Shares in South Korean builders, railway component makers and other firms with links to the North rocketed on Monday as Friday's inter-Korea summit fuelled optimism for new cross-border projects.
The historic meeting saw the North's leader Kim Jong Un and South Korean President Moon Jae-in vowing to "encourage more active cooperation, exchanges" and promote "co-prosperity".
The declaration sent shares of many firms which were once involved in now moribund inter-Korean projects shooting up on the Seoul stock market.
Shares of Hyundai Engineering & Construction -- which built buildings at the now-shuttered Kaesong jointly-run industrial complex in the North -- surged 26 percent.
The zone -- where 53,000 North Korean workers once churned out products ranging from watches to clothes for some 120 South Korean companies -- was shuttered in 2016 under Moon's conservative predecessor Park Geun-hye.
Kim and Moon agreed on Friday to open a joint liaison office in the Kaesong area -- a move seen by some as a first step toward reopening the compound, although UN Security Council sanctions imposed on the North over its missile programmes could yet stymie such hopes.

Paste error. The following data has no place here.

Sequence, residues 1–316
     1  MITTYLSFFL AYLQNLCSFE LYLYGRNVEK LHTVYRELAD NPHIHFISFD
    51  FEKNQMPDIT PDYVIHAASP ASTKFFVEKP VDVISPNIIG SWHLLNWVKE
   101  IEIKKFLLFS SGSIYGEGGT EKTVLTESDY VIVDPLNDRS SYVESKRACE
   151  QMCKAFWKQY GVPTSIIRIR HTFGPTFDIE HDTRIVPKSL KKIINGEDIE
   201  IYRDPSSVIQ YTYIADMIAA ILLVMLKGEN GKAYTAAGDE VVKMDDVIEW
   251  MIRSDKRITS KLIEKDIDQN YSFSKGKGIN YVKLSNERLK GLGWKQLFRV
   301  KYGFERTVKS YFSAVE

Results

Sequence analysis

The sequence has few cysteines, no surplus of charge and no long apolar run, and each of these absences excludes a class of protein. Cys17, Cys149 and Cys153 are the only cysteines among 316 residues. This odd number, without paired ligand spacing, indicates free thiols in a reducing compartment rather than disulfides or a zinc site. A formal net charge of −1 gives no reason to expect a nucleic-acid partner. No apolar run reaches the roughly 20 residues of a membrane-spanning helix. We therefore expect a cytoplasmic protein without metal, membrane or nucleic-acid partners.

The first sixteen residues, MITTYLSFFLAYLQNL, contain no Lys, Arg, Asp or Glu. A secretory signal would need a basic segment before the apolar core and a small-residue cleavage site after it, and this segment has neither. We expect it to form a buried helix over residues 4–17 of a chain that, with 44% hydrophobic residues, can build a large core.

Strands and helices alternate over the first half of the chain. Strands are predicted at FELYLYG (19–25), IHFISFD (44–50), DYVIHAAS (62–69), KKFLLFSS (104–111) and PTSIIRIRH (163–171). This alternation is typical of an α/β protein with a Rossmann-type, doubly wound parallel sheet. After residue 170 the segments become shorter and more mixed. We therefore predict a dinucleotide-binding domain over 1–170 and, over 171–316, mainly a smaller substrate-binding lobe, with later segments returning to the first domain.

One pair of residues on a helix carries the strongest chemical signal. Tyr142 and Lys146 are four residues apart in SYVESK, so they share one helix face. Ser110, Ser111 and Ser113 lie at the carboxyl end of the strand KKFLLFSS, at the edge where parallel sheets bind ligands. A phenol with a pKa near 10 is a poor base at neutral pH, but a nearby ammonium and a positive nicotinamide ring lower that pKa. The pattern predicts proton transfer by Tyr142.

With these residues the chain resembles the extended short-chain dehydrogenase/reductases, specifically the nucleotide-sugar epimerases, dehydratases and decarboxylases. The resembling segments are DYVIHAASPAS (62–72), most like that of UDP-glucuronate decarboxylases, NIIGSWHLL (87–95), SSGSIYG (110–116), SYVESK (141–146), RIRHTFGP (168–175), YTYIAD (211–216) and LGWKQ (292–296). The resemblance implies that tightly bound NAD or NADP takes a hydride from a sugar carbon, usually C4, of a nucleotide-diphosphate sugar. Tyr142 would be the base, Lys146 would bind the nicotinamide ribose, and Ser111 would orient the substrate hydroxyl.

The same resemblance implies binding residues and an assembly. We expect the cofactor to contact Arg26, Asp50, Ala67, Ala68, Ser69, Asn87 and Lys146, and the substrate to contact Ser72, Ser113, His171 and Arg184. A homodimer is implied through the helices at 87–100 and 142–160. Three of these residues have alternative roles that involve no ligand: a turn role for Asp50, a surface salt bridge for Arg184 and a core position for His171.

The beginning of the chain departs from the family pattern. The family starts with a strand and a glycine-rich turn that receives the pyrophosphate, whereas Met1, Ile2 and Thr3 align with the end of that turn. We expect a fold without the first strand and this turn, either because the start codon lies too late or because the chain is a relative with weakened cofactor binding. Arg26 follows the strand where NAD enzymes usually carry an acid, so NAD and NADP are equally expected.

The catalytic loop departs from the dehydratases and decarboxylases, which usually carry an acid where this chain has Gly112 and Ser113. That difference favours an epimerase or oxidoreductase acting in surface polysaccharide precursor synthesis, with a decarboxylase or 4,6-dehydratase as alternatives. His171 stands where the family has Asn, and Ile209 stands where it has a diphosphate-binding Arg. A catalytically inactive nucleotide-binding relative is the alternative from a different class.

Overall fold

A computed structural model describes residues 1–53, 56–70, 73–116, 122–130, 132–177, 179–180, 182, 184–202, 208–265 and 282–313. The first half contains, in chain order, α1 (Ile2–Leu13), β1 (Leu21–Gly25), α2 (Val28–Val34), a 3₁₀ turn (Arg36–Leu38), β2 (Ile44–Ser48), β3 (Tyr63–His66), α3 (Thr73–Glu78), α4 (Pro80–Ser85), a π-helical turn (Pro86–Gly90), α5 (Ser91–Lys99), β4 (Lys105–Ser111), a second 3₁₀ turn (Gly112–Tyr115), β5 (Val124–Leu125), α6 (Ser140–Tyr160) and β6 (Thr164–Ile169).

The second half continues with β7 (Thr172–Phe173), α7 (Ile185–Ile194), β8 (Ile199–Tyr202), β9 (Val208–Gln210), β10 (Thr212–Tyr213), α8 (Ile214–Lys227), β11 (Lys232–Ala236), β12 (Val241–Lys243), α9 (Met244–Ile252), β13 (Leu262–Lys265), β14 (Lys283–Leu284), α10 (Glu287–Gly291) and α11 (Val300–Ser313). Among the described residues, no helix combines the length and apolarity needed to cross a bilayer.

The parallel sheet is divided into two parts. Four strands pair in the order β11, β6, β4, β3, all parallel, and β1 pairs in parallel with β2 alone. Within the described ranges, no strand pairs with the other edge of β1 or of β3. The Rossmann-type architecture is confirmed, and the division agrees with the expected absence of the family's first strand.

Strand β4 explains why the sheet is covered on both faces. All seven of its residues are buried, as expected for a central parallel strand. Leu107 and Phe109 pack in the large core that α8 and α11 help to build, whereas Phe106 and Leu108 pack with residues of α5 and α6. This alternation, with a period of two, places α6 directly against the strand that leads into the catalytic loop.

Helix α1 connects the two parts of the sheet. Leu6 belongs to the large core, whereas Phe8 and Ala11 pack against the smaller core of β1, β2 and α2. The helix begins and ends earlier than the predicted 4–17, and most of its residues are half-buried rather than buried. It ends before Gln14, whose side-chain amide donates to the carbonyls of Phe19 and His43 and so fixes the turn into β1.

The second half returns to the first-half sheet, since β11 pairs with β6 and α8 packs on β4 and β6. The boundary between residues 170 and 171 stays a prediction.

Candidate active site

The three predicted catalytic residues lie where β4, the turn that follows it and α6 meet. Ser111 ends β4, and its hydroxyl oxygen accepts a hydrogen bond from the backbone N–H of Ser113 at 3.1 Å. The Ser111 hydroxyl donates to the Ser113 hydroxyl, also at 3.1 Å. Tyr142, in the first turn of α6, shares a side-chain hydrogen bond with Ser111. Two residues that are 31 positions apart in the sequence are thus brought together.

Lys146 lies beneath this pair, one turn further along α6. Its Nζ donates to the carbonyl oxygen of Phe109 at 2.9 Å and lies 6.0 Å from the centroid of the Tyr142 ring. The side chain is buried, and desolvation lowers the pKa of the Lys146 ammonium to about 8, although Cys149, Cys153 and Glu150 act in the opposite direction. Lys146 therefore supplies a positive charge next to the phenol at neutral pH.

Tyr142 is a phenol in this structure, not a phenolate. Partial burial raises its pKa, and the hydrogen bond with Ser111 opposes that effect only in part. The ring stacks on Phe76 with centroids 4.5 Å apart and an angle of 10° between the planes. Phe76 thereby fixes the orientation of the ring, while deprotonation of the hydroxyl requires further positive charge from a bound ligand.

Nam Kwang Engineering & Construction, which once ran a construction materials factory in the complex, jumped 15 percent.
Apparel maker Good People rose 6.3 percent, although North Korea is banned from both importing and exporting textiles under the UN measures.
Hyundai Elevator jumped 11 percent. It has a controlling stake in Hyundai Asan, which holds rights from Pyongyang and Seoul for several cross-border projects including the Kaesong development.
Other units of the Hyundai group, whose late founder -- a refugee from the North -- pioneered cross-border economic projects, saw their shares soar in anticipation of a business boom.
Hyundai Information Technology climbed 20.4 percent and railway equipment maker Hyundai Rotem soared by the daily limit of 30 percent after Kim and Moon vowed steps towards the "connection and modernisation of the railways and roads" between the two halves of the peninsula.
Daea IT -- which produces rail signalling systems -- also hit the daily limit, while infrastructure firm Woowon Development jumped 26 percent.